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Spotlight on: Cinema 902

Tuesday, March 7, 2017

TV mini-series Cinema 902 produced by Winter Light Productions, featuring four Nova Scotian directors telling unique stories linked and inspired by a common theme and location.

Cinema 902 will feature four 90 minute episodes that will celebrate the spirit of storytelling through film. We caught up with writer and director Paul Kimball to learn more about the production.

Tell us about this production
Nova Scotia has been home to some of the most innovative and daring filmmakers in Canada for the past thirty years with a spirit that emphasizes great storytelling above everything else. Cinema 902 is an anthology-style mini-series that celebrates that spirit, and builds on those achievements. In each cycle of four 90 minute episodes, directors will tell unique stories linked and inspired by a common theme and location (in the same way used by classic anthology series like The Twilight Zone and The Outer Limits). The first cycle will feature science fiction stories about individual survival set in a dystopian near future. A couple are a bit more action-oriented, and a couple a bit more high concept, but the great thing is that each filmmaker will be able to bring their own spin to the stories, which will be like looking at the genre through a different set of eyes each time out.

It’s being made for Eastlink TV, and will premiere in January 2018.

What can you share with us about the team you are working with on this production?
First up in terms of directing are Dillon Garland, Chelsea Comeau, Michael Ray Fox, and yours truly, because like Captain Kirk, I would never send someone down to a planet if I haven't gone first (in this case, to work out the kinks and perfect the filmmaking system we’ll be using). Dillon and Michael each have an indie feature under their belts – “Afraid to Speak” for Dillon, which he made for less than $10,000, and “Roaming” for Michael, which was made under the groundbreaking First Feature program. This is the first feature film for Chelsea, which is very exciting for her – she’s done several great short films and music videos, though, so she’s definitely ready to take the next step.

Dillon Garland and Paul Kimball on set of Paul's 2013 film, The Cuckoo in the Clock 

What goes into filming a production like this?
A lot of heart and soul. We all get the chance to tell what we hope will be unique and engaging stories, and that’s the kind of thing that keeps you going during the long hours. Everyone will be pitching in on everyone else’s film as well, which really helps us build a team mentality, almost like a family. For example, besides directing his own film, Dillon will be acting as the director of photography on mine, and Chelsea will be acting as director of photography on his, and so on. These are such talented young people that it’s going to be great fun working together.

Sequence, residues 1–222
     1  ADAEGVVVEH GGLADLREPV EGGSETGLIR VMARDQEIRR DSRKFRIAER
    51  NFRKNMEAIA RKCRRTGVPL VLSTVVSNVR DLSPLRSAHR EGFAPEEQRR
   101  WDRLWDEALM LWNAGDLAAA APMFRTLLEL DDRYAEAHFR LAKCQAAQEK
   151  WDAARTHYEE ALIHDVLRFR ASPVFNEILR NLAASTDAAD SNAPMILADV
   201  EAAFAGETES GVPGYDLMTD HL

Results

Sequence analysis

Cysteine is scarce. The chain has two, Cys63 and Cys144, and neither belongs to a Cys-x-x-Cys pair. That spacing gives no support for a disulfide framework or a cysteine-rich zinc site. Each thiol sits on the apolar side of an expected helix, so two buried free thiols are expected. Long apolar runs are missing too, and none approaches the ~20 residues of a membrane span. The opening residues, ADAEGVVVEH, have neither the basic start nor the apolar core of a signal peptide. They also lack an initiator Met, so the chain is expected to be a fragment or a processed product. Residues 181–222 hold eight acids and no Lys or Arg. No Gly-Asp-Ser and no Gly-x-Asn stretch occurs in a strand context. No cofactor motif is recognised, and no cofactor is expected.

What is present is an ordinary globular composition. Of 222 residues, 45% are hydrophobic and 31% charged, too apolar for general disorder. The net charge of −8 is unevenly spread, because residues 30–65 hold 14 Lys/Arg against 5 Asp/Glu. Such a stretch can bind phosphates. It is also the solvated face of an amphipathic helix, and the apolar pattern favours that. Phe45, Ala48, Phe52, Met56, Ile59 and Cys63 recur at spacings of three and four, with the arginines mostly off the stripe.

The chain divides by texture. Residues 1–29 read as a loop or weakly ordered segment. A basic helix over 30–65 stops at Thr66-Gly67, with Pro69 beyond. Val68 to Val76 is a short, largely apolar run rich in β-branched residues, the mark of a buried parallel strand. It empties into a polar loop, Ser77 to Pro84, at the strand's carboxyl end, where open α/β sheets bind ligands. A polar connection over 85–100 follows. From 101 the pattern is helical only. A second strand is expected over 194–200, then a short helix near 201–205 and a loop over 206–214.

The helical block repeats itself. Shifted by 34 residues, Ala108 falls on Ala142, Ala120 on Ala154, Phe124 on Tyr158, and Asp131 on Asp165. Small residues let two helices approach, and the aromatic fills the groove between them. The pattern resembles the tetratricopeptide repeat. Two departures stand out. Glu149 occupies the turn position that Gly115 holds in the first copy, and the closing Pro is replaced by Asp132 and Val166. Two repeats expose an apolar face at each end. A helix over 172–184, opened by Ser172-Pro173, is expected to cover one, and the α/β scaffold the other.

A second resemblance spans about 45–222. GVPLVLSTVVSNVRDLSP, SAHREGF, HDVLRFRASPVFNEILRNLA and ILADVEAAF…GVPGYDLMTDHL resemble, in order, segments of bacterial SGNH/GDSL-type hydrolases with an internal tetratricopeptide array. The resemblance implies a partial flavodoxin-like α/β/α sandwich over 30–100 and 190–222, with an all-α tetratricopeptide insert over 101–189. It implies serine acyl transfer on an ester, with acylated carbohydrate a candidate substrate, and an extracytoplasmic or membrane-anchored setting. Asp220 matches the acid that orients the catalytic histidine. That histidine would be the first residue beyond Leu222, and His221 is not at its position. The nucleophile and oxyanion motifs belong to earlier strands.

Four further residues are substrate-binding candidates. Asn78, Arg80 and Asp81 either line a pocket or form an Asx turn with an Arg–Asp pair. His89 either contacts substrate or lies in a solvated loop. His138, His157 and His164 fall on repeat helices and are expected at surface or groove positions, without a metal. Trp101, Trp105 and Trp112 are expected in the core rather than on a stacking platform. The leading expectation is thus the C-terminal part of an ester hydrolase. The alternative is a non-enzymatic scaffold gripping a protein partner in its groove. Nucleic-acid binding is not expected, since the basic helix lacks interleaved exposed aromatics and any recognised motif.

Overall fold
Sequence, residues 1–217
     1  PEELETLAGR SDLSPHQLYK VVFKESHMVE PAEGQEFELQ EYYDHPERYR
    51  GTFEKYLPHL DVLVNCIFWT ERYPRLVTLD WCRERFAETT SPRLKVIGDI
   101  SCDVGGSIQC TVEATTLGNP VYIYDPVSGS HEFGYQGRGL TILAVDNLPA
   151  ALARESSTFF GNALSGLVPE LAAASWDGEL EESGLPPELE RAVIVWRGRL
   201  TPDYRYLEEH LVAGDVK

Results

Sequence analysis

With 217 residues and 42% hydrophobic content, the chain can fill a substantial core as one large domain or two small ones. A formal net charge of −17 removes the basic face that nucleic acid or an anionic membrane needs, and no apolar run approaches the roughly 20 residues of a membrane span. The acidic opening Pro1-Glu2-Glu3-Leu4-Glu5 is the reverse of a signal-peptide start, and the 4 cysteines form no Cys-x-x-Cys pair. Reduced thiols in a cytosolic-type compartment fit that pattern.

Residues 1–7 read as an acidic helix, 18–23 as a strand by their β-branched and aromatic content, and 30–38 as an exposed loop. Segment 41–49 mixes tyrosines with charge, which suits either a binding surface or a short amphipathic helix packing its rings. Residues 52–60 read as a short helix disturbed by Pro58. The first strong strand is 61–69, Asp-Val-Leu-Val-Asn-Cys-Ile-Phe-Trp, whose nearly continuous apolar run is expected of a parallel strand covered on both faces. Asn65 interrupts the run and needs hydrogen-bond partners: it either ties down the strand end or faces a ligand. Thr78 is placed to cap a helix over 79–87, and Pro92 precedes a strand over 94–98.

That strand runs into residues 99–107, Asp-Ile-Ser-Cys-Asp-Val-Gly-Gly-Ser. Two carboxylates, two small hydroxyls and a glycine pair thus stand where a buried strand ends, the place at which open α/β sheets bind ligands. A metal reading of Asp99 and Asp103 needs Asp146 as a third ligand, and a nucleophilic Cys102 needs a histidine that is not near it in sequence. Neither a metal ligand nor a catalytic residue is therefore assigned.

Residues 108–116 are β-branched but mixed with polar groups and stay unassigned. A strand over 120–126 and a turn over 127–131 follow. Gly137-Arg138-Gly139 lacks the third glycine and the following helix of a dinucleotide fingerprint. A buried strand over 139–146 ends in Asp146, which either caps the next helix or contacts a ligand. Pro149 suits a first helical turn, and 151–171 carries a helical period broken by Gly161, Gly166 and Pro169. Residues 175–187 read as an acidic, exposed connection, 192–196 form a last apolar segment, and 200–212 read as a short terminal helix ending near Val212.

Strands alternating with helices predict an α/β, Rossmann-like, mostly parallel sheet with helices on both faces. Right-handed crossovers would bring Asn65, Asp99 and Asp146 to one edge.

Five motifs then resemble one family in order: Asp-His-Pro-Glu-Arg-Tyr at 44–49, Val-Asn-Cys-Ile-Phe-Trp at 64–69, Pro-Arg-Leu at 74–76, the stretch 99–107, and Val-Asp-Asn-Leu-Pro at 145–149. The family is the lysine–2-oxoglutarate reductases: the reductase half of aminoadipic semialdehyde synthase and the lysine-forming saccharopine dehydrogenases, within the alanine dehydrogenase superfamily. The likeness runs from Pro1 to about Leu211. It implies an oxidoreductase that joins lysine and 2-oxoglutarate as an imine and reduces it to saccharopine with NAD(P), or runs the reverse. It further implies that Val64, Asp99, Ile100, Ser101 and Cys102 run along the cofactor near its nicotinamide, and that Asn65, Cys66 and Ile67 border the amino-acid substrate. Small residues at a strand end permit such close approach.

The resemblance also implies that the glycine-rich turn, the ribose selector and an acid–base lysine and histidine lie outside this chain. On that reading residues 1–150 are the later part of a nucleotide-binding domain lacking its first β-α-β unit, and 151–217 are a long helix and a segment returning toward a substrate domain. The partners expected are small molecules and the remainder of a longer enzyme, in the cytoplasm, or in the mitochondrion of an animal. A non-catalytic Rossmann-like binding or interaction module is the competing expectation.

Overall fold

Chelsea Comeau working on set of Paul's 2014 film, Roundabout. 

On a personal note- what is your favorite thing about this production?
When I began my career in film & television, it was as the Program Administrator for the Nova Scotia Film Development Corporation back in the late 1990s. I took the "development" part seriously, and worked hard to make sure the next generation of Nova Scotia creative talent would have the opportunity to make films here.

When I moved to the private sector and began producing and directing, I took that firm commitment to the next generation with me. Over the years, I've been happy to give early career work to young people in various roles who have gone on to fine. As the senior programmer for the Atlantic Film Festival for many years, my good friend and colleague Ron Foley Macdonald, who is producing Cinema 902, did the same thing in terms of opportunities for people to have their work screened.

So Ron and I sat down over coffee last year and put our thinking caps on, and asked ourselves how we could go about creating a production that would continue to give those kinds of opportunities to our independent filmmakers and storytellers again.

The end result is Cinema 902. Honestly, it’s probably the most rewarding thing I’ve done in my twenty year career – the opportunity to give something back to the film community, and to nurture the next generation of filmmakers, is something both Ron and I will always cherish.

Where can we learn more?
The best place to look is at the website for Ron’s production company's website Winter Light Productions, where we’ll be posting regular updates as we work our way through the process. 


Cinema 902 is qualified to receive funding through the Nova Scotia Film & Television Production Incentive Fund. Learn more about filming in Nova Scotia and accessing the Nova Scotia Film & Television Production Incentive Fund.

Use our Film Fund Estimator tool to estimate funding available for your Nova Scotia production.